What is discipline>Understanding Supportive Behaviour Management
There are no solutions, only strategies
So before you click off onto another site, take a bit of time to reflect why this statement stands.
We all are people dealing with people and each of us, adult and child, is unique, and have to have tailor-made personalised programmes if we are to reach our joint objective of helping students to engage with a curriculum that may not meet all of their needs
More often than not, this can also be translated into "When you allow me to teach you, I think you might find that what I have to offer is perhaps worth your time and effort, and I will praise you for what you have done. That way, we can both be a little happier, day by day"
Successful teachers manage most behaviours successfully most of the time, but not always
Many of you will have come across the Assertive Discipline system (under copyright in the UK to Behaviour & Learning Management), used by many schools with varying success. A variance of this is described as a 'Consequence based' behaviour management programme - and these programmes will meet the needs of the majority of students - probably around 85-95% according to context.
One of the main proponents of this consequences system is Ninestyles school in Birmingham. In order to get a contrasting view, check out some of the thinking involved in developing their system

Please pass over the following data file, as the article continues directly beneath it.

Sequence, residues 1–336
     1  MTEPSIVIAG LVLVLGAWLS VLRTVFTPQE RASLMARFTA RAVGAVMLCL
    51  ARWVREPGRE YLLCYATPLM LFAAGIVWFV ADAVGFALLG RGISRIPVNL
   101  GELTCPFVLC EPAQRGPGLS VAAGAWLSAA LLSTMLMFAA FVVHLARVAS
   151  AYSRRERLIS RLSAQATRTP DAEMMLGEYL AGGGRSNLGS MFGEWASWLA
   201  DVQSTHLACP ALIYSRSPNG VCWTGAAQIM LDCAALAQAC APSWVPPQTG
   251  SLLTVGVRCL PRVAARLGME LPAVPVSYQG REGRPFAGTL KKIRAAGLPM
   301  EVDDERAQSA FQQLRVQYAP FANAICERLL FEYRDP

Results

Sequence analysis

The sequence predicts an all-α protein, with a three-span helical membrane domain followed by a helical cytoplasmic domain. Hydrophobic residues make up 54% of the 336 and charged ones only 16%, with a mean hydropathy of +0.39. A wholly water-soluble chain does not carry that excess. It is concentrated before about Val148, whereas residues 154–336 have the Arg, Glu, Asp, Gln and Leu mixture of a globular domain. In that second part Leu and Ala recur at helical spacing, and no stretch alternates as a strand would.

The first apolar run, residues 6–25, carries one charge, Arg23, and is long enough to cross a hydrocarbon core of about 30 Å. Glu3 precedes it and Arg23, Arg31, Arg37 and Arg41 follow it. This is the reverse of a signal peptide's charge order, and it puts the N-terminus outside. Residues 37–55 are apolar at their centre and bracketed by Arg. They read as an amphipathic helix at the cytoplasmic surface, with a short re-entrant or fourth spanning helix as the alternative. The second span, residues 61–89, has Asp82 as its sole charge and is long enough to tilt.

From their website, guidelines for staff, the behaviour policy is summarised here. This has now been updated to include a new level C5 which is isolation. Just see how complex the policy is and I challenge any staff to know all of these regulations. How will the CYP manage if the staff don't know all of this? Where is the 'reasonable adjustment' for those who need them?
Simple-Supportive-Safe seems a better route to take
The Supportive Behaviour Management programme outlined on this site looks at setting up a system that helps all students to reach their potential, regardless of their additional needs - particularly those with emotional difficulties. So if your school has a consequence-based model of behaviour management and yet you still would like to succeed with, rather than exclude those challenging 10-15% of students, I think there might be an opportunity to review your policy direction and consider an SBM model instead.
Most children, around 85-95% of your school, most of the time will manage to work within assertive discipline and consequence-based guidelines day in and day out, but there are some for which this type of sometimes inflexible and robust approach is not appropriate. It is this 10% which is the most challenging group for any school to manage and that this system copes with extremely well
The Supportive Behaviour Management programme is designed to meet the needs of the majority of students but also enables the most challenging children, around 10 - 15% of your school, to have a pathway to success as well. Within this 10 - 15%, 5% are most likely a problem on a daily basis, but generally manageable, 4% are very challenging and oppositional, and 1% will seem to be outside anything you set up or do.
These final 5% will require the most input, sometimes give the least visible results and will still continue to be challenging and demanding.